pic # 2
pic # 3
pic # 4
pic # 5
pic # 6
pic # 7
 

CS-G  Custom   from ebay

pic # 1

CS-GH    

 

Alternative Keywork

Alternative Keywork Name Makers who Used / Years Pics / Notes
Mazzeo Selmer / mid 1960s

Each model, Selmer Paris, Signet and Bundy had slightly different features.

 

Selmer Mazzeo Clarinet Article
Mazzeo Brochure #1
Mazzeo Brochure #2

Mazzeo Mechanisms
The Mazzeo mechanism on the Signet allows the player to switch between "Mazzeo" mode and regular Boehm.  The first picture has a Bundy Mazzeo (on the bottom) and a Signet Mazzeo (on the top)




The Signet mechanism (left) shows it in the Mazzeo position.  It has a knurled end "plunger" mechanism to turn the Mazzeo system on/off.  To disconnect you simply push the mechanism in.  To reconnect you pull it out.

Mazzeo information, brochures and pictures provided by S. Page, UK

 
McIntyre Upper joint only from eBay

 

  Selmer

(this series 9 has a band on the top joint)

from eBay

1982 Clarinet prices

Instrument Manufacturer Model Description List Wholesale/Mail Order
Bb soprano Artley 17S Plastic 309 169
  Vito 7112 Resonite 305 171
  Armstrong 4001P Reso 310 176
  Artley 18-S-80 Reso w/bell ring 327 181
  King KG 1303 Reso 333 182
  Bundy 1400 Reso 309.50 182
  Evette 1990 (B10) Reso 309.50 184
  Buffet (1993 list) B-11 plastic 320 191
  Yamaha YCL24-II Comp 319 187
  Yamaha TCL26 Comp ABS plastic 339 199
  Conn 28S-80 'Henkin' machine lathed and bored, wood grain prof key mechanism 335 186
  Noblet V-40 Wood gain - non wood 389 221
  Artley 78-S-80 Wood Paris Prof 447 246
  Armstrong 4020W Wood Performance Model 449.50 264
  Signet 100 Wood intermediate model 449.50 264
  Normandy 4 Wood Paris Performance 472.50 269
  Evette 1993 (E-11) Wood Paris 459 274
  Signet 110 Wood intermediate model 449.50 292
  Noblet 40 Wood Paris Performance 575 338
  Signet 115 Wood Performance Model 575 369
  Noblet 45 Wood Paris Prof Artist 695 408
  Noblet (1993 List) 145 Special Value  (in 1993 list the 45 and 40 prices dropped) 675 395
  Buffet (1993 list) E-12   724 395
  Marigaux 245 Wood Paris Professional 474 409
  Evette 1101 (E-13) Wood Paris Professional 995 594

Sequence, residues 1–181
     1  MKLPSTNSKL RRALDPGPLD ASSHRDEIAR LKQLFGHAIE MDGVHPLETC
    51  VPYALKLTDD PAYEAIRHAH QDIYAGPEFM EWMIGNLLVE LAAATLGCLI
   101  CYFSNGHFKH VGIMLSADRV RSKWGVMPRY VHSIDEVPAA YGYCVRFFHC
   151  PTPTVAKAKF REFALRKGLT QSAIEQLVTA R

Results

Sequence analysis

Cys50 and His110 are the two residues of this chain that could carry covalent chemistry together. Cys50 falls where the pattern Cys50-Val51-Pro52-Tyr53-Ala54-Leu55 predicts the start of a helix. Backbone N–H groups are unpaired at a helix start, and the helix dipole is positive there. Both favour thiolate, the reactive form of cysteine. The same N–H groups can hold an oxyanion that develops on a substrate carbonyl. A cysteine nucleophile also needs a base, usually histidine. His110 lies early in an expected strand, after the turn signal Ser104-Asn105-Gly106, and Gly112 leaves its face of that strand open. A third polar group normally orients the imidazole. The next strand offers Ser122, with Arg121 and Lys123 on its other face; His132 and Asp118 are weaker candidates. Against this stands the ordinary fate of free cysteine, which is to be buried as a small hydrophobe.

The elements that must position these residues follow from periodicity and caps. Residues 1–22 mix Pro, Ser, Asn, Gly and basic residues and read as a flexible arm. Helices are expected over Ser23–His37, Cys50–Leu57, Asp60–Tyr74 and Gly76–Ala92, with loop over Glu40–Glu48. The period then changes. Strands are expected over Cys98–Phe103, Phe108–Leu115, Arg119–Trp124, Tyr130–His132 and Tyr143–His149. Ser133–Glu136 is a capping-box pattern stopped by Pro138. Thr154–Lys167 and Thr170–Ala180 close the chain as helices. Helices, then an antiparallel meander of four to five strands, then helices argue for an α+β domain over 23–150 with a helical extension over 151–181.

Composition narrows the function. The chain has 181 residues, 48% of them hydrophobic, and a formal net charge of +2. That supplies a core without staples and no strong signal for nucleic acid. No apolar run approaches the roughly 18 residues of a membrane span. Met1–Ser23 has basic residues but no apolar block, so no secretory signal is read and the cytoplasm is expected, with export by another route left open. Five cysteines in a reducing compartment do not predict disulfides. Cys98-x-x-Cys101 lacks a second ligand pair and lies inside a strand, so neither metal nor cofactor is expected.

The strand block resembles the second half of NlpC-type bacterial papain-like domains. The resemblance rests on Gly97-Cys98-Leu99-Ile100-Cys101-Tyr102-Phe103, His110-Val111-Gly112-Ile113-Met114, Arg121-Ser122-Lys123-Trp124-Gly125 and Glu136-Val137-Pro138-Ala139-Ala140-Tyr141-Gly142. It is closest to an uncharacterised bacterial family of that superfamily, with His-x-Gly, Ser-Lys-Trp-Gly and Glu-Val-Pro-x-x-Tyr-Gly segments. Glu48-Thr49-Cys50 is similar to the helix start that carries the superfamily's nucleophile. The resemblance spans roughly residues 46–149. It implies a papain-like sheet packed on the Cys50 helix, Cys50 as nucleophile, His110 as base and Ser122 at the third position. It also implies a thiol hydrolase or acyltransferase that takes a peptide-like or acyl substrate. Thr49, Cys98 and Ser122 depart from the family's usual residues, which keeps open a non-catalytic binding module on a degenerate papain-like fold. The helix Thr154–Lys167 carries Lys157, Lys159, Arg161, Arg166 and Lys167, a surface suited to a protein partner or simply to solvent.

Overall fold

Yamaha YCL-81 grenadilla 1190 695
  Yamaha YCL-82 grenadilla 1190 695
  Leblanc 1176 Wood Paris Prof Artist 1395 794
  Leblanc L-27 Symphonic Model 1395 794
  Selmer B-15-9 Wood Paris Prof Artist 1400 798
  Buffet R-13 Wood Paris Prof Artist 1395 820
  Marigaux 355 Wood Paris Prof 1518 829
  Leblanc L-200 Symphonic Model 1495 852
  Leblanc (1993 List) L-300   1225 695
  Selmer B-15-10S Wood Paris Prof Artist 1400 1050
Alto Clarinets King KG-1308 Reso 690 389
  Vito 7165 REso 570 427
  Bundy 1425 Reso 575 429
  Yamaha YCL-20 plastic 625 425
  Artley 18N Reso 790 474
  Marigaux 700 Wood Paris Professional 1188 769
  Noblet 60 Wood Paris 1501 1049
  Yamaha YCL-631, low Eb grenadilla 2400 1595
  Leblanc 420 Wood Paris 2160 1619
  Selmer 22 Wood Paris 2400 1800
Bass Clarinets King KG-1309 Reso 890 499
  Vito 7166P Reso 725 539
  Bundy 1430P Reso 725 543
  Yamaha (1983) YCL-220 plastic 795 549
  Vito 7168 Reso Eb key on body 920 568
  Artley 19N Reso 970 579
  Marigaux 750 Wood Paris Professional 1470 955
  Noblet 55 Wood Pars, 18 keys 1735 1214
  Noblet 5J, Low Eb   1835 1285
  Leblanc 400 Wood Paris, 18 keys 2700 2025
  Yamaha YCL-621, low Eb   2900 1945
  Selmer 30 Wood Pari,s 18 keys 2800 2100
  Buffet (1983) R-13   3108 2045
  Buffet (1983), Low C R-13   3991 2595
ContraBass Bundy 1440EEb Reso 995 746
  Vito 7181EEb Reso 1228 859
  Vito 7182BBb Reso 1810 1267
  Leblanc 342BBb all metal Paris, Low Eb 2304 1728
  Leblanc 340BBb All metal, Paris, Low C 4400 3299

Neat Clarinet Links

History of the Clarinet

http://www.niu.edu/user/u40gmb1/Cl_history.shtml

Nifty Acoustics Link

http://www.sfoxclarinets.com/baclac_art.htm